The Radical Innovation Changing Every Doctor's Office
Verizon Communications just entered the telehealth market with its new Virtual Visits platform, which allows users to connect with medical professionals via smartphones, tablets, or PCs to address nonemergency issues such as a cough or a cold.
Virtual Visits combines several of the company's connectivity services with an unidentified third-party medical provider network. When a patient registers at Virtual Visits via a mobile app, the company verifies eligibility and co-pay information, then presents a patient's self-reported medical histories, symptoms, known allergies, and other information to the doctor.
After the co-pay is collected, the doctor initiates a video chat. If the state allows prescriptions to be administered via video conferencing, the doctor can then send an e-prescription via Surescripts to the patient's preferred pharmacy. The data collected from the visit is then encrypted over Verizon's HIPAA-compliant cloud, which requires clinicians to log on with two forms of authentication.
In other words, Virtual Visits is fairly similar to other telehealth platforms such as Google Helpouts, MDLive, and NowClinic.
Why is Verizon focusing on health care?
So why is Verizon, best known as a provider of telephone, broadband Internet, and TV services, interested in telehealth?
There are two main reasons. First, the U.S. telehealth market is expected to grow from $240 million in 2013 to $1.9 billion by 2018, according to research firm IHS. Second, it's a natural evolution for the company that is already connected through phone lines, Internet cables, and broadband TV. The next step could be connecting patients' bodies to the Internet. That's why Verizon has been increasing its investments in health care over the past two years.
At HIMSS13 in March 2013, Verizon unveiled a secure cloud messaging service for health-related data. The Secure Universal Message System, or SUMS, is designed to work as easily as email, allowing health-care providers to exchange clinical information with one another in a HIPAA-compliant manner over any Web browser.
In October, Verizon launched Converged Health Management, a remote patient monitoring software platform that enables doctors to monitor their patients' health between clinical visits. Biometric devices with the software installed can transmit data such as blood pressure, oxygen saturation levels, and glucose levels through a wireless connection to Verizon's health-care cloud. Patients and doctors can access this information via the Converged Health Management mobile app or Web-based portal, which features additional health information and a secure social network for patients to support each other.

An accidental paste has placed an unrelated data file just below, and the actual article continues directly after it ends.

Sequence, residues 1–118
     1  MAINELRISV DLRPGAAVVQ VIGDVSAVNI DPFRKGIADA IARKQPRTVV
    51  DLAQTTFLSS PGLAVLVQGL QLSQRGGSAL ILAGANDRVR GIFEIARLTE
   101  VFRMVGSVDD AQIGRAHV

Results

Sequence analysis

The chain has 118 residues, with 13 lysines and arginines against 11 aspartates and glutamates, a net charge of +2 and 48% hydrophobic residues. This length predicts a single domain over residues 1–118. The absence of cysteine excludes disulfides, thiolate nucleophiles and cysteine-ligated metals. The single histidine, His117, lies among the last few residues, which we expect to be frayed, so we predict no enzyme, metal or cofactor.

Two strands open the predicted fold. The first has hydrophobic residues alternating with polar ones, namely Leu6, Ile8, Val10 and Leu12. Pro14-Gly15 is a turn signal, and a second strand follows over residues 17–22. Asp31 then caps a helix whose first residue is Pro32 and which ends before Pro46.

Verizon's vision for the future of health care is clear -- it wants to leverage its position as the largest wireless provider in the U.S. to turn telehealth into a mainstream experience.
What about Verizon's competitors?
Verizon isn't the only communications company investing in telehealth.
The company's main rival in wireless communications, AT&T , has also been building up a portfolio of telehealth services. Its core service, AT&T Virtual Care, is a broad set of video conferencing tools and medical devices tailored to meet the specific needs of health-care organizations and spread telehealth solutions to remote locations.
A more ambitious, experimental project, the AT&T Telepresence Clinic, is a custom "pod" that contains an onboard video conferencing system and medical peripherals -- everything a patient would need to visit the doctor remotely. AT&T is also developing a remote patient monitoring system, similar to Verizon's Converged Health Management, to constantly monitor patients through various wireless protocols.
Comcast , Verizon's rival in Internet and TV services, is also looking to tap into the growth of the telehealth market. Last December, the company showcased various telehealth and video conferencing products at its Silicon Valley Innovation Center, and discussed the potential of telehealth to boost revenue as a subscription-based service. Comcast is notably an investor in BodyMedia, a maker of fitness-tracking armbands that was acquired by fitness band maker Jawbone in April 2013. That relationship has fueled speculation that Comcast could eventually use fitness trackers as part of its telehealth initiative.
The Foolish takeaway
The telehealth market is still in its infancy. However, if mobile efforts such as Apple's HealthKit and Google Fit take off and CMS rules are expanded to cover telehealth, the market could grow very quickly.
Communications companies such as Verizon, AT&T, and Comcast won't be the only beneficiaries here. Insurers will also see improved margins as the number of expensive ER visits dramatically decline for nonemergency situations. Most important, the spread of telehealth could drastically improve the quality of lives of patients and reduce hospital readmissions.
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The article The Radical Innovation Changing Every Doctor's Office originally appeared on Fool.com.Leo Sun owns shares of Google (C shares) and Apple. The Motley Fool owns and recommends Apple, Google (A shares), and Google (C shares). Try any of our Foolish newsletter services free for 30 days. We Fools may not all hold the same opinions, but we all believe that considering a diverse range of insights makes us better investors. The Motley Fool has a disclosure policy.
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